L’Occitane supports multiple local projects. Actually, I got the impression that for Provence L’Occitane is something like the AvtoVAZ car plant in my hometown – Togliatti. If you don’t work for it directly, then you for sure work for someone who works for it. There is a similar story behind the European University of Scents and Flavours (Universite Europeenne Senteurs & Savours) to which we were taken in order to learn about how essential oils were distilled in the past.
In my opinion, the place itself looks just wonderful.
Lab. On the table you can see some new L’Occitane products: 100% pure shea butter – that I already managed to appreciate as a lip balm – and a lavender hand cream from the renewed line.
Aroma gallery. Here you can lean forward to spray and smell the aroma of lavender and other plants.
The process of distillation of essential oils (it’s best to go to Wikipedia to read about it in detail) was demonstrated to us by this gentleman.
Flowers were put into a tank with hot water.
Here it cools down, turns back into a liquid and flows into a sump – that’s the “samovar” next to the big tank.
We left our flowers there for an hour and when we came back we could already smell the scent of the essential oil and could see first drops of it on the surface of water in the “samovar.” The liquid that pours through the little tap into the bucket is flower water – same one as used by, for instance, Melvita.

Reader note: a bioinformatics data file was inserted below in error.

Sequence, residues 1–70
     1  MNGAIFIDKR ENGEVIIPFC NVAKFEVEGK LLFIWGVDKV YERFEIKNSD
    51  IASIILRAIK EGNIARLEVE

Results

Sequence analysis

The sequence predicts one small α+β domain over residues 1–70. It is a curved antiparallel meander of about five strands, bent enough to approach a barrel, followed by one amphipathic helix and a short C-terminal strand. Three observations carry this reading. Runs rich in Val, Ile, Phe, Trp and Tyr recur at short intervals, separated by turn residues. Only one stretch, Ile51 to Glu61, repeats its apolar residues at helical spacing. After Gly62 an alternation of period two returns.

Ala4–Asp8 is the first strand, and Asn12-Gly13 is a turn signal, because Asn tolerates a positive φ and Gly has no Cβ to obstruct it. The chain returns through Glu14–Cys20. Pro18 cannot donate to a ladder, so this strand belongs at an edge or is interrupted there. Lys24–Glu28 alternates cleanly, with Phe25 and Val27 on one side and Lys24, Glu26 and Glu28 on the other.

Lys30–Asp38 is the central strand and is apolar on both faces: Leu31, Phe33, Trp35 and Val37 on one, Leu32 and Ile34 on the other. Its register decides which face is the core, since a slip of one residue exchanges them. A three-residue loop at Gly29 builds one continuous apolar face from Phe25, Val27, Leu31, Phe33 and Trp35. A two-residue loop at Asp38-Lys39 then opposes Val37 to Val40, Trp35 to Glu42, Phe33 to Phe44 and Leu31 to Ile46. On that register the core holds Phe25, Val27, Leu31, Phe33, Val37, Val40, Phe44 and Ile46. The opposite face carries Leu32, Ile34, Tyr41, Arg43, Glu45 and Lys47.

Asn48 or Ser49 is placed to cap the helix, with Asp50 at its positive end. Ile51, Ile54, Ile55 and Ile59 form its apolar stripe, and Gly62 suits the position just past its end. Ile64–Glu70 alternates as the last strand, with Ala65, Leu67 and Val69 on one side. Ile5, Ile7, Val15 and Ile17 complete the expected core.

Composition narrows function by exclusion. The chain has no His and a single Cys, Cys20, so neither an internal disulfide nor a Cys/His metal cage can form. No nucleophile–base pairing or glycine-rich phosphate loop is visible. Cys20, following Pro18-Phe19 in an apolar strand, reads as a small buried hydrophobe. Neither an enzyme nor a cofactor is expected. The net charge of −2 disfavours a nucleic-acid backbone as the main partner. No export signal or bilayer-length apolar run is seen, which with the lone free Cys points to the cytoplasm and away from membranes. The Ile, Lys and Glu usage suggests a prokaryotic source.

This way, from a huge amount of plants (1 ton), they would obtain about a litre of essential oil – a fairly expensive process.
And this is what a moveable distillation machine looked like over a hundred years ago.
It looks almost the same as the distillation machine with which the story of L’Occitane began – the ancient machinery was bought by Olivier Baussan, then a young student, from his neighbour who decided to get rid of all the junk in his garage. As a result, Olivier made the first essential oil in his life and decided to make cosmetics. But this is what I will tell you about in another post.